In 1812, Robert Stuart discovered a route over the Continental Divide, South Pass, which was safe for wagons to cross. Stuart, who worked for the Pacific Fur Company, had started at the Columbia River and journeyed east and over South Pass into what is now Wyoming; he proved it possible to get over both the Blue and the Rocky Mountains via wagon.
In the 1830s, settlers began to follow the route west, inspired by books like Hall Jackson Kelly’s A Geographical Sketch of that Part of North America called Oregon (1830) and his General Circular to All Persons of Good Character Who Wish to Emigrate to the Oregon Territory (1831). The first wagon train, organized by Nathaniel Wyeth and guided by William Sublette, a fur trader, made the crossing in 1831. Three farmers from that group became the first Americans to settle in Oregon, joining British subjects, mostly HBC employees, already farming in the Willamette Valley. Wyeth organized another wagon train in 1834; it did not succeed in shifting a large number of people to Oregon, but one of its members, the missionary Jason Lee, did stay and started to call others to join him.
Inspired by Lee and other missionaries like Marcus Whitman, the United States government took up the subject of Oregon’s status. In 1838, Senator Lewis Linn of Missouri proposed a bill that would authorize settlement. Linn proposed several similar bills between 1838 and 1843, his voice forming the core of a rising clamour to integrate Oregon into the United States. A county in Oregon would eventually be named for him.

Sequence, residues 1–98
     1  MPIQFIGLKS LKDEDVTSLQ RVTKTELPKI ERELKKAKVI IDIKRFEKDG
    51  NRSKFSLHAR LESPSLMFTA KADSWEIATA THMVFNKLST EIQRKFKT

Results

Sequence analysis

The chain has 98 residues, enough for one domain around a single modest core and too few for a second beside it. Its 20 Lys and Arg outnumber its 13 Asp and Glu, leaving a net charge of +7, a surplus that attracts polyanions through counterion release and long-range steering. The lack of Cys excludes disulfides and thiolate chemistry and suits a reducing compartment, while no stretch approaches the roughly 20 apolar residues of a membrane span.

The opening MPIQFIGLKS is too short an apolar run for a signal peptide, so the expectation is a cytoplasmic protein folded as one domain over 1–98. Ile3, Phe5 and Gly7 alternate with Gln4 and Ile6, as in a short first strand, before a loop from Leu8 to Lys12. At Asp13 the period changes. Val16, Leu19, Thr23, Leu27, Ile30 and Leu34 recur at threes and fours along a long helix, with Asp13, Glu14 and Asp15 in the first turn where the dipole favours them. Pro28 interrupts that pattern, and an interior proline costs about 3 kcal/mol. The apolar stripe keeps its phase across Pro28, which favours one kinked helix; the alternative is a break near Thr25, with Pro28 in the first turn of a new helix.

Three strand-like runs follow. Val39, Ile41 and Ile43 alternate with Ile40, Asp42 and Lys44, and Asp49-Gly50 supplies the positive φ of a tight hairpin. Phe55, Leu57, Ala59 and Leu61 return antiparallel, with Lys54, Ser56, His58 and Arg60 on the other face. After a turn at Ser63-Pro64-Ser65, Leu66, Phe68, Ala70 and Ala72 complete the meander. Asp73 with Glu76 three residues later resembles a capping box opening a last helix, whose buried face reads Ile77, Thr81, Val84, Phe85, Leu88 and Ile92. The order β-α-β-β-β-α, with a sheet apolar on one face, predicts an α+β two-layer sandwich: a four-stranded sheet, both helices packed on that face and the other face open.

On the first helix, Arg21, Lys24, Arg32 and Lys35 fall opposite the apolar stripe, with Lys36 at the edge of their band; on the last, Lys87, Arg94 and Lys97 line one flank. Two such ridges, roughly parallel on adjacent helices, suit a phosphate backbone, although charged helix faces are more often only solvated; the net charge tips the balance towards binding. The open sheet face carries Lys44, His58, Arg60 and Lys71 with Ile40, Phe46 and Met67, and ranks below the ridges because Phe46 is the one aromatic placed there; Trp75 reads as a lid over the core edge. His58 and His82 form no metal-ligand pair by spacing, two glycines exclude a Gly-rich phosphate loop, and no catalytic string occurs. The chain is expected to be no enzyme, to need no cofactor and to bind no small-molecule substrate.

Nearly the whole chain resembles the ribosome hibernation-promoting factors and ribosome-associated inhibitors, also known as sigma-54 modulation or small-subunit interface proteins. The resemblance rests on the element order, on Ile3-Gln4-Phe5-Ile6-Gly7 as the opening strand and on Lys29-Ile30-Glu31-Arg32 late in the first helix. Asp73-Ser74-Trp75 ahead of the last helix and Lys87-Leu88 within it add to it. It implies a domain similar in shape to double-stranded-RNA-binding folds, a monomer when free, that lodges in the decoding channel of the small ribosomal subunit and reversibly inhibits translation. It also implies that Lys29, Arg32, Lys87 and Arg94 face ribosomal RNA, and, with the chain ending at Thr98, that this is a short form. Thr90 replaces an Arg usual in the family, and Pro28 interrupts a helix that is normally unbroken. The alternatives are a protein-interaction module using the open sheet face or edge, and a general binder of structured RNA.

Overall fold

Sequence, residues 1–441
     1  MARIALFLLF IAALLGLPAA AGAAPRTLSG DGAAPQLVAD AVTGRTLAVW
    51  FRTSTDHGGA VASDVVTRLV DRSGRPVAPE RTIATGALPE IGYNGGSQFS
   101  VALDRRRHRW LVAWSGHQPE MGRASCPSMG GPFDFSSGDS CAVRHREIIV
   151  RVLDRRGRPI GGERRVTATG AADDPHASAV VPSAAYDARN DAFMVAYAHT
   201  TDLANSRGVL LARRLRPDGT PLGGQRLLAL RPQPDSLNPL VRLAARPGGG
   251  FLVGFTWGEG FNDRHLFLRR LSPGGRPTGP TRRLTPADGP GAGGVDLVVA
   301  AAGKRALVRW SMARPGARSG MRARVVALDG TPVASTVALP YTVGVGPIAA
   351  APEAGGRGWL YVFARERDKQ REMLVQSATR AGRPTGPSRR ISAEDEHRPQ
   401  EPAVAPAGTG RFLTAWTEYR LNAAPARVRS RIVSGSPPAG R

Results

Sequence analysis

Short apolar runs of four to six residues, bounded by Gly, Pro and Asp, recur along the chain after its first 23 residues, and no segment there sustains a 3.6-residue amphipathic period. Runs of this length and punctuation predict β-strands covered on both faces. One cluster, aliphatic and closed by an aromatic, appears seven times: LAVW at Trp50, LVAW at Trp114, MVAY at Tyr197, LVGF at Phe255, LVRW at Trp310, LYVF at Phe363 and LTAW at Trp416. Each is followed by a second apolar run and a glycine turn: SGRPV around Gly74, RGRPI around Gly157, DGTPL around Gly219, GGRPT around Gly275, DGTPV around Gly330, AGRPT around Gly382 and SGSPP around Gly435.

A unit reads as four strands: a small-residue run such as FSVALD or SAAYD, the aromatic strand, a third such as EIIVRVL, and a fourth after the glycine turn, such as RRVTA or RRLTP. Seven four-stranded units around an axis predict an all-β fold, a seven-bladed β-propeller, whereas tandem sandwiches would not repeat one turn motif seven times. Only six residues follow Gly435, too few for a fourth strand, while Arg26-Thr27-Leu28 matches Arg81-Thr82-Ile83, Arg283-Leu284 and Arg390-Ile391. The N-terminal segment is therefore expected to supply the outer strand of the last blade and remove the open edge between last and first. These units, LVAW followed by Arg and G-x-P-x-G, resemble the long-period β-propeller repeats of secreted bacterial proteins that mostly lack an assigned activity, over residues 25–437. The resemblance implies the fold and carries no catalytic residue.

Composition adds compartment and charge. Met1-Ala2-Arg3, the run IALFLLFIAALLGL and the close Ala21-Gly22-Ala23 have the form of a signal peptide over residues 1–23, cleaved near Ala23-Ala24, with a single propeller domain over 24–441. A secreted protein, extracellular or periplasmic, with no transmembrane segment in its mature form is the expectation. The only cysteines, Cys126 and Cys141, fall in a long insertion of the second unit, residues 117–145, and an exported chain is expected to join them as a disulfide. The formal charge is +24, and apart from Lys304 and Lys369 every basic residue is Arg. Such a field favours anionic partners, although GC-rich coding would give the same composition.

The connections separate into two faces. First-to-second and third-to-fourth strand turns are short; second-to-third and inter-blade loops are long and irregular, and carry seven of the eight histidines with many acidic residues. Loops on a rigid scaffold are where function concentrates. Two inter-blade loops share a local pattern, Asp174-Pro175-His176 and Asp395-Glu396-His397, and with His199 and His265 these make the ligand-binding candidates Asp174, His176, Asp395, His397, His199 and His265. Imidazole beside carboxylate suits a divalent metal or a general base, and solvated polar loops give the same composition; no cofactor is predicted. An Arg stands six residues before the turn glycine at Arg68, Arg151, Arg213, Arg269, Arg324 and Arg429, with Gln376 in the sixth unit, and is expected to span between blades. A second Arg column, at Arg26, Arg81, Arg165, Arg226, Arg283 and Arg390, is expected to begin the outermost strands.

The House Committee on Foreign Affairs also took up the topic of Oregon Country. Caleb Cushing, a Representative from Massachusetts, began arguing for the US’s claim to Oregon by right of first discovery. In January 1839, he led the Foreign Affairs Committee to issue a report that favored the creation of a military presence in Oregon, in order to defend the US’s claim to the land and its use. Included in the report were letters from those already living in Oregon who were desperate for a governor and magistrate; they wanted reassurance that their new farms were legal claims. The reports were convincing; the House ordered 10,000 extra copies to be printed and distributed to the American people.
The reports must have been effective, along with a flurry of guidebooks and maps. The 1840s was the boom decade of the Oregon Trail. Between 1840 and 1860, 400,000 journeyed overland on the 2,000 mile Oregon Trail; they formed one of the largest mass migrations in American history. By the late 1830s, the American settlers began to outnumber the British.
In the US Presidential Election of 1844, James K. Polk ran on a platform that used the slogan “54°40 or Fight!” This referred to the boundary line to be established between British Canada and the United States. This parallel was just below the boundary of Russian settlement in Alaska and effectively shut the British out of much of the Pacific Northwest Coastline.